Article Text

THU0424 Near-infrared spectroscopy during exercise and recovery in children with juvenile dermatomyositis
  1. G.E.A. Habers1,2,
  2. R. de Knikker1,
  3. M. van Brussel1,
  4. E. Hulzebos1,
  5. D.F. Stegeman2,
  6. A. van Royen3,
  7. T. Takken1
  1. 1Child Development and Exercise Center, University Medical Center Utrecht, Utrecht
  2. 2Faculty of Human Movement Sciences, VU University Amsterdam, Amsterdam
  3. 3Department of Pediatric Rheumatology, University Medical Center Utrecht, Utrecht, Netherlands


Background Children with Juvenile Dermatomyositis (JDM) suffer from diminished exercise tolerance1-5, a clinical condition that may be linked to microvascular disturbances in the muscle tissue6. Near-infrared spectroscopy (NIRS) may represent a useful tool to assess this hypothesis since it allows the in vivo examination of oxygenation and hemodynamics in muscle tissue at the microvascular level during physical exercise.

Objectives NIRS was used to compare children with JDM with children in 2 control groups (clinical and healthy) in their muscle oxygenation and hemodynamics during incremental cycling exercise and recovery.

Methods Eleven children with JDM, 10 children with Juvenile Idiopathic Arthritis (JIA; clinical controls), and 13 healthy children performed a maximal incremental test on a cycle ergometer. NIRS was used to measure concentration changes compared to rest of oxygenated hemoglobin (Δ[O2Hb]) and total hemoglobin (Δ[tHb]) of the vastus medialis (VM) and vastus lateralis (VL) muscle during exercise and recovery. Both signals were normalized to allow comparisons between children of the same group, as well as between groups. Of each signal, the rest value was assigned a value of 0 arbitrary units and the maximal value reached during recovery was assigned a value of 1 arbitrary unit. All values between these two time points were normalized to this scale. Normalized Δ[O2Hb] and Δ[tHb] values at unloaded cycling and at 25%, 50%, 75%, and 100% of maximal work rate (Wpeak) were determined as well as the half recovery times (Thalf) of both signals. All variables were compared between the 3 groups.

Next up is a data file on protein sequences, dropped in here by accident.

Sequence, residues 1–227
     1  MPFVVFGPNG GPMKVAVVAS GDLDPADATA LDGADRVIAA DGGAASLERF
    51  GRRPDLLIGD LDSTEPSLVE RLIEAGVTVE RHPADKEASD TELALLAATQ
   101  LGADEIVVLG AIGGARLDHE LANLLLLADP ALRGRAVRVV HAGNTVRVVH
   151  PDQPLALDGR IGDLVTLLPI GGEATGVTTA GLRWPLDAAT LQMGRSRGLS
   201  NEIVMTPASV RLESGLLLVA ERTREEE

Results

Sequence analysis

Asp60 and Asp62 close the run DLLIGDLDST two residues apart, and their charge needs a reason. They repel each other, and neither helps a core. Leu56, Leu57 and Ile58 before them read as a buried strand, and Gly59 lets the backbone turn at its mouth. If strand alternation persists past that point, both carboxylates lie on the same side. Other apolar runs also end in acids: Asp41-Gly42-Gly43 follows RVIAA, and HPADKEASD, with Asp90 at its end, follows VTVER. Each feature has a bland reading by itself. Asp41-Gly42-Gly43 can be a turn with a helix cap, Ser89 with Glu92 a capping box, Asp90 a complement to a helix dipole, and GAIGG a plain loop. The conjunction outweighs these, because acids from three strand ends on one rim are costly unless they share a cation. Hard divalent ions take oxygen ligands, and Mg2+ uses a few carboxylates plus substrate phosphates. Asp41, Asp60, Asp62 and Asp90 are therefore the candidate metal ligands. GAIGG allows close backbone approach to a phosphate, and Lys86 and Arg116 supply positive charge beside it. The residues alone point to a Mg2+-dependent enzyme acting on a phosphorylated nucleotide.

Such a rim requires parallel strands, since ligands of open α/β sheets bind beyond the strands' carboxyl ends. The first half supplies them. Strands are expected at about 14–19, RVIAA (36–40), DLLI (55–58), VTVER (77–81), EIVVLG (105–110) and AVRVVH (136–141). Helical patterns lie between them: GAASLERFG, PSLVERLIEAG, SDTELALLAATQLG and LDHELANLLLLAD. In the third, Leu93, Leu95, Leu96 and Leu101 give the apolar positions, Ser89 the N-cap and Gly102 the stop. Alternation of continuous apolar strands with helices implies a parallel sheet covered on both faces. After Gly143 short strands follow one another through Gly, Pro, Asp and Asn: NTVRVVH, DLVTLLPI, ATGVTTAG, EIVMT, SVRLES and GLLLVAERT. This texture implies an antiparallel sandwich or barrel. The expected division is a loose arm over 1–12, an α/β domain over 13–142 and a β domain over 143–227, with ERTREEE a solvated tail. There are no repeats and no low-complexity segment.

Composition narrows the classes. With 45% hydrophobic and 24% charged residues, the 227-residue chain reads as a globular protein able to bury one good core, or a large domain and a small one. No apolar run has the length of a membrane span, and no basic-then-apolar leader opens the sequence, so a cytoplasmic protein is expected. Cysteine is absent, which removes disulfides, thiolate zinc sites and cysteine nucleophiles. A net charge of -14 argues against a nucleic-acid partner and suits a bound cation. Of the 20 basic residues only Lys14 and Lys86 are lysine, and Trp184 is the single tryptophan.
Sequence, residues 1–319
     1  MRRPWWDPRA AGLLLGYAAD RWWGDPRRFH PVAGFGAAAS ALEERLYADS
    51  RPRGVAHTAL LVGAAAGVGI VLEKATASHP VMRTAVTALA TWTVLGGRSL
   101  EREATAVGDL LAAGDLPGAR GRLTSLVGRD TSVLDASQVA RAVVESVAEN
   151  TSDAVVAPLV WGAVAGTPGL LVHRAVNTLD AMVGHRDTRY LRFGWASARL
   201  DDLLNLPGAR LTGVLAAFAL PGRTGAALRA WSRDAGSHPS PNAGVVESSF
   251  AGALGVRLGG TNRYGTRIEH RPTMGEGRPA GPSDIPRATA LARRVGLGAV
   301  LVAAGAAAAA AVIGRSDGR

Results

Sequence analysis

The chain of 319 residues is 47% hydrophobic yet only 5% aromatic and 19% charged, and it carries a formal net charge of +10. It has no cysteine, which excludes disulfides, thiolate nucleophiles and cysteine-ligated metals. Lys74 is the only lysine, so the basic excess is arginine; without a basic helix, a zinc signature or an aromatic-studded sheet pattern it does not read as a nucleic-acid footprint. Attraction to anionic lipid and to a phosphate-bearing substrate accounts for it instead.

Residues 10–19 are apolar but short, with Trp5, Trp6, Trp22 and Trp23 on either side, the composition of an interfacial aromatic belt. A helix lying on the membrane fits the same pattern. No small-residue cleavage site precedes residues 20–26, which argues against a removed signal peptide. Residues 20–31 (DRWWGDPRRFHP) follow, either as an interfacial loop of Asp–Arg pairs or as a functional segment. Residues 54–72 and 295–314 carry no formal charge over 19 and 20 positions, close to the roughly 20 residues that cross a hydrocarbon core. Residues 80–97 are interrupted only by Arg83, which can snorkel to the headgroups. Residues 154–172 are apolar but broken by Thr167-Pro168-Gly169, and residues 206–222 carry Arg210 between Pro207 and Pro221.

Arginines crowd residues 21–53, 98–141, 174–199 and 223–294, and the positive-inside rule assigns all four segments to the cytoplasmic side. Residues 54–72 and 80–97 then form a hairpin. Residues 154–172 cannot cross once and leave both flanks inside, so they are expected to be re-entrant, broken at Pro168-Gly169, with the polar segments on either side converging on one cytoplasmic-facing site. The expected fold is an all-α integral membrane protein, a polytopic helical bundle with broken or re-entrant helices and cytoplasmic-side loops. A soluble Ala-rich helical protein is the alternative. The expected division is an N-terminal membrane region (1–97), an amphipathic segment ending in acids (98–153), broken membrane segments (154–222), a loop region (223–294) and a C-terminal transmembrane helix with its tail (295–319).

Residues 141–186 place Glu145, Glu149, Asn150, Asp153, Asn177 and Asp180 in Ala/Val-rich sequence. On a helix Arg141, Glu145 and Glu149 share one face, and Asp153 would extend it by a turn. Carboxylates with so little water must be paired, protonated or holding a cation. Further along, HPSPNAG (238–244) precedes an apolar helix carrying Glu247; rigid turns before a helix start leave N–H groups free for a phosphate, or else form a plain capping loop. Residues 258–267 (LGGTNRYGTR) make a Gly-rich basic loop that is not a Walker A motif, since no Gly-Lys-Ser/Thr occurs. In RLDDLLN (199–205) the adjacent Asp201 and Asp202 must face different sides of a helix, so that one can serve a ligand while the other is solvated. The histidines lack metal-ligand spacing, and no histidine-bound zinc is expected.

Results Δ[tHb] values in the VM muscle were effected by group at work rates of 25% (p<0.05; χ2(2)=6.55; η2=0.20), 50% (p=0.01; χ2(2)=9.19; η2=0.28), 75% (p<0.01; χ2(2)=9.91; η2=0.30), and 100% (p<0.05; χ2(2)=6.15; η2=0.19) of Wpeak. The concerning Δ[tHb] values were lower in children with JDM compared with healthy children at all these relative work rates (p<0.01). More specifically, in healthy children, the median Δ[tHb] value was similar to baseline at a work rate of 25% of Wpeak, and this value increased with work rates at higher percentages of Wpeak, indicating an increase in blood volume with increasing exercise intensity. Conversely, in children with JDM, the median Δ[tHb] value was below baseline at a work rate of 25% of Wpeak, and this value remained below baseline throughout exercise. No group effects were found for Δ[tHb] in the VL muscle at all time points, Δ[O2Hb] in both muscle groups at all time points, and Thalf of Δ[O2Hb] and Δ[tHb] in both the VM and VL muscle.

Conclusions In the current study, a difference was found between children with JDM and healthy children with respect to the change in total blood volume of the VM muscle from rest to incremental exercise. This result may suggest that children with JDM may experience difficulties in increasing muscle blood volume with more strenuous exercise.

  1. Hicks et al. (2002).

  2. Drinkard et al. (2003).

  3. Takken et al. (2003).

  4. Takken et al. (2008).

  5. Groen et al. (2010).

  6. Grundtman et al. (2009).

Disclosure of Interest None Declared

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